A Perfect Circle November 27, 2003
Register Music Critic

By Kyle Munson

"Do you want to join and go out on tour for a year?"

An e-mail with that blunt offer, sent in June, was all it took to get James Iha to lend his guitar to A Perfect Circle, the first major metal supergroup of the new millennium.

A Perfect Circle guitarist Billy Howerdel, who fired off the e-mail in question, was familiar with Iha from his work in the Smashing Pumpkins.

You remember the Pumpkins, right? The band from Chicago led by singer-guitarist Billy Corgan that blanketed MTV and radio with songs from its 1993 breakthrough, "Siamese Dream," and 1995's ambitious "Mellon Collie and the Infinite Sadness"?

The Pumpkins imploded in 2000 after incidents of drug abuse and infighting began to outnumber its hit songs.

Iha, speaking from a tour stop with A Perfect Circle in Tampa, Fla., said that his former band still casts a "long shadow" over his career - but in the next breath he claimed to never let it burden him.

"I'll never get away from that," Iha said in his trademark monotone. "I was in that band for 12 years. It's kind of difficult to separate it from anything else in my music."

Iha knew what he was getting into with his new, heavier band. The Pumpkins and A Perfect Circle joined up for half a dozen concerts in late 1999 across Canada.

A Perfect Circle first took the stage on Aug. 15, 1999, when Tool singer Maynard James Keenan and his guitar tech from that band, Howerdel, sprang their new side project at the Viper Room in Los Angeles. Their debut album, "Mer de Noms," followed in May 2000.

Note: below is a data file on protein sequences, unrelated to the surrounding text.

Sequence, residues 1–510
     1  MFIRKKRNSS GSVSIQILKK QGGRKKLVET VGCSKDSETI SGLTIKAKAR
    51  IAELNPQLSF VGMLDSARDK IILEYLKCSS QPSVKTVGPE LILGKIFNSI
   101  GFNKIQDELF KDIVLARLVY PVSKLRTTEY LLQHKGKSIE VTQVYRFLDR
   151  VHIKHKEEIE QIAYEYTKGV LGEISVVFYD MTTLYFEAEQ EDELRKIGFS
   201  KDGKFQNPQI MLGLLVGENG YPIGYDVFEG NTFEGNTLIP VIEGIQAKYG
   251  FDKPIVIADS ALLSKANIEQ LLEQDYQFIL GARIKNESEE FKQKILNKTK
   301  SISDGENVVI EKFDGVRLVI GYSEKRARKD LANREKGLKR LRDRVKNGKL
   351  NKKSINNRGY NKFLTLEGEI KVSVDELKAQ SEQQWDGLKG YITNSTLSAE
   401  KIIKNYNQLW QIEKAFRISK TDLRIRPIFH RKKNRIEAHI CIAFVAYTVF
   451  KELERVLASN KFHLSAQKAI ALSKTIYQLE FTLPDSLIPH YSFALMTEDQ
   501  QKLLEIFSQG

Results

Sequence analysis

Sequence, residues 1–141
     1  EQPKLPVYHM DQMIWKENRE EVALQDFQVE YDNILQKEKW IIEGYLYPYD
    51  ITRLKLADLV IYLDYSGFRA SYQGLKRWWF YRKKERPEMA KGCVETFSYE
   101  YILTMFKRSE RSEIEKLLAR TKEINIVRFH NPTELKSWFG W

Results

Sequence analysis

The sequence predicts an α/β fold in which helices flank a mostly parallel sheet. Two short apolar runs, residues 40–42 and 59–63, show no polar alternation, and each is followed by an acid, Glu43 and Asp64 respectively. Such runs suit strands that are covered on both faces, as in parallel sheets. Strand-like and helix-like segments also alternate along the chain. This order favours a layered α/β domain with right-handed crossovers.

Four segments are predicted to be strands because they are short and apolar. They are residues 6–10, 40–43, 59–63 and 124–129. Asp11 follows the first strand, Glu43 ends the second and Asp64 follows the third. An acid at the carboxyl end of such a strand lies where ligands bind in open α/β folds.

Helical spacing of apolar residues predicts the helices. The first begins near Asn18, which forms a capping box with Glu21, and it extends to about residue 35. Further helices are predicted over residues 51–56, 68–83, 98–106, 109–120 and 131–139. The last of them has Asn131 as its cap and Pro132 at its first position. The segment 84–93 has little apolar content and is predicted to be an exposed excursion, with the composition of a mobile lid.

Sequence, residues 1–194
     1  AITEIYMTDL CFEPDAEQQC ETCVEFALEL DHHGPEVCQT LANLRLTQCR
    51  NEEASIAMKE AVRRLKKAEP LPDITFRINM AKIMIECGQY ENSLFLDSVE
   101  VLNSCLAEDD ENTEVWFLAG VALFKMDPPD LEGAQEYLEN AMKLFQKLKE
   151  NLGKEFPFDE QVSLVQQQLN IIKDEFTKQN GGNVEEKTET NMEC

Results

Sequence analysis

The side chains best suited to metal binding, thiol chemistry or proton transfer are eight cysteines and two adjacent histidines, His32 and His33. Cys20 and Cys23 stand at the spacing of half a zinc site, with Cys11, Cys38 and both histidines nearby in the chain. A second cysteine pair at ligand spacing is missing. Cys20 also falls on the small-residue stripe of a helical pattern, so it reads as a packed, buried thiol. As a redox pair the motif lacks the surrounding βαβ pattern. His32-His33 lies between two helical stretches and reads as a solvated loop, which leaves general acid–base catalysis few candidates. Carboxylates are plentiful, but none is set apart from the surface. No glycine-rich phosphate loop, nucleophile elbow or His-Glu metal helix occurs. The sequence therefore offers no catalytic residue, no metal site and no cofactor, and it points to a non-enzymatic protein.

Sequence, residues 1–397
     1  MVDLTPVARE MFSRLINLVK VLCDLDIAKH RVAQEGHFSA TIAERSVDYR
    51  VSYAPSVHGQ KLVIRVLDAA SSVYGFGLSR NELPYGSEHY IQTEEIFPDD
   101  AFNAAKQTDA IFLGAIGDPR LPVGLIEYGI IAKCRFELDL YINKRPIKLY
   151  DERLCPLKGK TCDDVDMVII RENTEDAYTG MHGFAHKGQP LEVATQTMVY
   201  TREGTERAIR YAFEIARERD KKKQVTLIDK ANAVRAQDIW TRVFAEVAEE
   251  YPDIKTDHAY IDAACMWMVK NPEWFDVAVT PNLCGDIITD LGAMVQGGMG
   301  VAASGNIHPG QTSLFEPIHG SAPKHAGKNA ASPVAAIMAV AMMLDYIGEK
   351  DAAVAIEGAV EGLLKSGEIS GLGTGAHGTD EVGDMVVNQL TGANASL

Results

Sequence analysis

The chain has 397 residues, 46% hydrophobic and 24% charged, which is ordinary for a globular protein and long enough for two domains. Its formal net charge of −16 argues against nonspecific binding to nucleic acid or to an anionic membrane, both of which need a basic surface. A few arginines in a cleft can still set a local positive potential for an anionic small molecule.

If Tool is the musical equivalent of the Terminator - an unstoppable machine that churns and grinds and crunches anything in its path - then A Perfect Circle is more operatic and adds a touch of humanity, sort of like HAL 9000 from "2001: A Space Odyssey" just before he goes berserk.

Keenan's hypnotic voice is the anchor in either case. He's a master of intonation, sinister whispers and the sharp intake of breath for extra drama. A Perfect Circle's sophomore album released in September, "The Thirteenth Step," is the perfect showcase for Keenan's subtler talents and features another new, high-profile guitarist: ex-Marilyn Manson sidekick Jeordie White (formerly Twiggy Ramirez).

Iha said that he's no longer on speaking terms with his old boss, Corgan, but is enchanted with his new circle of friends.

"They're great," Iha said. "Super-nice guys, great musicians. I've got nothing to complain about."

Iha tends to sound like every word out of his mouth is a burden, so talking in specific terms is the last thing on his mind.

When asked to compare A Perfect Circle to the Pumpkins, he said:

"They both play a dynamic style of rock. The songs are good."

Wouldn't want to get too technical for the kids, now would we, James?

Even when Iha asserted himself in 1998 with his only solo album, the mellow and moody "Let It Come Down," he sounded casual and vague compared to the epic, sweeping rock of the Pumpkins.

"During the time I did it, I was just trying to get away from the Pumpkins sound, write different kinds of songs," he explained.

Between the Pumpkins and A Perfect Circle, Iha kept busy in New York City with Scratchie Records, the label he co-owns with Adam Schlesinger (a member of both Fountains of Wayne and Ivy). They became friends through their mutual connection to Iha's old Pumpkins bandmate, bassist D"Arcy.

As Iha's career is heating up after a lull, his former boss seems to be receding into the background.

Corgan announced in September that he was scrapping his latest band, Zwan, less than a year after it had released its debut album. He's now cultivating the persona of a reclusive poet who rattles on about leaving the music industry behind.

The way Iha talks, his current band is perfection compared to life under the old regime that delivered his fame. That right, James?

"No comment," he said.